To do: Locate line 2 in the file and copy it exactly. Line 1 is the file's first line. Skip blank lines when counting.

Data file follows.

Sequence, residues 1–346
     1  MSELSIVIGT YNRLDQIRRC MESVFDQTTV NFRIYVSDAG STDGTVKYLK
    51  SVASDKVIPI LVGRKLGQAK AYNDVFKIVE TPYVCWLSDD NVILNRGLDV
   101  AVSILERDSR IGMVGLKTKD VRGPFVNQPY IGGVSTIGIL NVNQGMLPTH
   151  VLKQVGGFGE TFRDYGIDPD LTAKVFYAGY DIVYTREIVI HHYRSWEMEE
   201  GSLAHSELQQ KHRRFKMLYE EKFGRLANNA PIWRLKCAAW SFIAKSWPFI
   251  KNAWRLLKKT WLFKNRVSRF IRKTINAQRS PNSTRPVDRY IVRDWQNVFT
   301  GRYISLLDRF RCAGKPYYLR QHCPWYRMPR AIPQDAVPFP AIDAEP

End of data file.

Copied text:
     1  MSELSIVIGT YNRLDQIRRC MESVFDQTTV NFRIYVSDAG STDGTVKYLK